NextGen is owned by the improbably named Quality Systems, Inc., and is licensed to Vine County. It was purchased by the hospital because it’s relatively cheap, was already in use by satellite clinics, and because, we’re told in Medical Economics reviews, it’s good at automated billing. Unfortunately for Natalia, it’s not doing its job. The reasons many of these encounters are unbillable break down into categories. The encounter doesn’t have a billing code attached, information deemed inessential by medics (but essential for billing) has been left out of the record, or someone missed a box they were supposed to check. NextGen is hard to use. Beige dialogue boxes stack one on the other, a mockery of user interface design, and every task takes ten more steps than it should. Natalia crosses out another encounter on the printout, stretches in her chair, and hunches over the keyboard, entering another patient number in by hand (twice, for some reason) and sighing. Her Sisyphean work, intensely boring, is related to the usability of a computer system, itself related to standards, practices, economics, and policy trends elsewhere. Healthcare law, federal regulations, insurance company rules, and the past decisions of hospital administrators find their ends here in tiny, repetitive tasks. Yet again she discovers a physician failed to enter the right procedure code, and she sends the patient encounter back to a physician with the authority to correct it. Natalia’s job is to repair these moments of broken infrastructure so that the hospital can reproduce itself financially.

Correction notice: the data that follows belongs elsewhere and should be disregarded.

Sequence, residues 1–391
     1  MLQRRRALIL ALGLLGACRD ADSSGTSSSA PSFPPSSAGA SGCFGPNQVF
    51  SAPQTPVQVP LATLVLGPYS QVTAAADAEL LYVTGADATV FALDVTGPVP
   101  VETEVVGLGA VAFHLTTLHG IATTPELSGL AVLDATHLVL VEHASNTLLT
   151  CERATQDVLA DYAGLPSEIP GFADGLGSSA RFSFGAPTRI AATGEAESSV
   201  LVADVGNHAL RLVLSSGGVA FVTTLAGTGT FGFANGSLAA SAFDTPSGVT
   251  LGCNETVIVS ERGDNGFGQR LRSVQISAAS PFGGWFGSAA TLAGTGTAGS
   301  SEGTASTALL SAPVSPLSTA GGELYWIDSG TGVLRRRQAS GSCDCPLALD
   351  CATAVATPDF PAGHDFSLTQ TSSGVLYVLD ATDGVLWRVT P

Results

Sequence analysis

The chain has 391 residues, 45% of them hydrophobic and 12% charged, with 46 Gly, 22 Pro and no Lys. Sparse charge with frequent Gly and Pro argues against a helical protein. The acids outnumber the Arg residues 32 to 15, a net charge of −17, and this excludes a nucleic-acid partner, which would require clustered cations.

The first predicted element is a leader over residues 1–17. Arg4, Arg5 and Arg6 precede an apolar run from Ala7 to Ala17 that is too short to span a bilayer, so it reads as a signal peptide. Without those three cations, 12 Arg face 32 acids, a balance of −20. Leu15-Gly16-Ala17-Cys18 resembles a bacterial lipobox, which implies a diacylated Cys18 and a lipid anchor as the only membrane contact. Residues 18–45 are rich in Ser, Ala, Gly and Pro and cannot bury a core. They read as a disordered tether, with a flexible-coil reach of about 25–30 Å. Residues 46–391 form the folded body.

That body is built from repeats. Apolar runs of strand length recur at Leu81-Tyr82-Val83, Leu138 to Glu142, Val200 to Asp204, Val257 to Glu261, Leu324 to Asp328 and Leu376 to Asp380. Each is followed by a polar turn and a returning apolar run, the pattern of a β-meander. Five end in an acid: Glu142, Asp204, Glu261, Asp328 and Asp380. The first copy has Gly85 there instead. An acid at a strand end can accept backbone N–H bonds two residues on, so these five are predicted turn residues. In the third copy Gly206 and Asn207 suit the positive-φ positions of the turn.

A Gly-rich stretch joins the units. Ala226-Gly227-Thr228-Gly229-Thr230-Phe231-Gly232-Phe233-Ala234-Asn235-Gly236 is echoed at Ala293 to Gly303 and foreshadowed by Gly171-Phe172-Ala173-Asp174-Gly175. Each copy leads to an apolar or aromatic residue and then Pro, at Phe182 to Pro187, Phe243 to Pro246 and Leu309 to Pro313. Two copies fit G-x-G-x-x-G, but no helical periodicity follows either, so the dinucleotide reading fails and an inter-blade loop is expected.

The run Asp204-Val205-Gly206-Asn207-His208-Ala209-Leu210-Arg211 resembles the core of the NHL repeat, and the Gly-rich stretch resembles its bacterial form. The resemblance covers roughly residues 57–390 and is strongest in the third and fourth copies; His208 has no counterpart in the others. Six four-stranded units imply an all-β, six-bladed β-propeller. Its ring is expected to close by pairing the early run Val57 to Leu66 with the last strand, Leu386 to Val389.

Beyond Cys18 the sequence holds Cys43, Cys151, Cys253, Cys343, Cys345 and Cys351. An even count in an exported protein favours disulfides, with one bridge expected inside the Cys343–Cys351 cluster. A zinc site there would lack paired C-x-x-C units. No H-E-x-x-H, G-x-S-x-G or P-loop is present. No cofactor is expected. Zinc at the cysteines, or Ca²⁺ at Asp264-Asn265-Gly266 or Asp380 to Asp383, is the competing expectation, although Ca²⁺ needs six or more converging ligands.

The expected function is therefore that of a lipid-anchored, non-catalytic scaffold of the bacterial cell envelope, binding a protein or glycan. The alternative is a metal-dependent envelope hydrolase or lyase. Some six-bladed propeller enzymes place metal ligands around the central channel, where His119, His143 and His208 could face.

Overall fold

At her desk, the temporality of the EHR has taken over Natalia’s day and mine. The design of the system has caused it to appear to Natalia as a system, present at hand. In being broken, it has become unmoored from the chain of processes linking doctor to patient to medical assistant to exam room to lab to pharmacy, and on down the line. Instead we go line by line through the printout, entering a medical record number into the system, identifying the problem, and tasking it to another staff member. “I would rather be on the floor, moving.” This kind of repetition is not movement. She has become a hospital resource, but there’s no care, no medicine, no surprises, no medical problems to solve, and no one to treat. There’s only the manual correction of missing data holding up the billing process. I see Natalia staring across the room at nothing, and time slows down in the endless return of the same. When we both become heavy bored, systematic features of a technical system converge with ethnographic method and the ethics of work. The failure of inner resources appears as coupled with the failure of outer resources.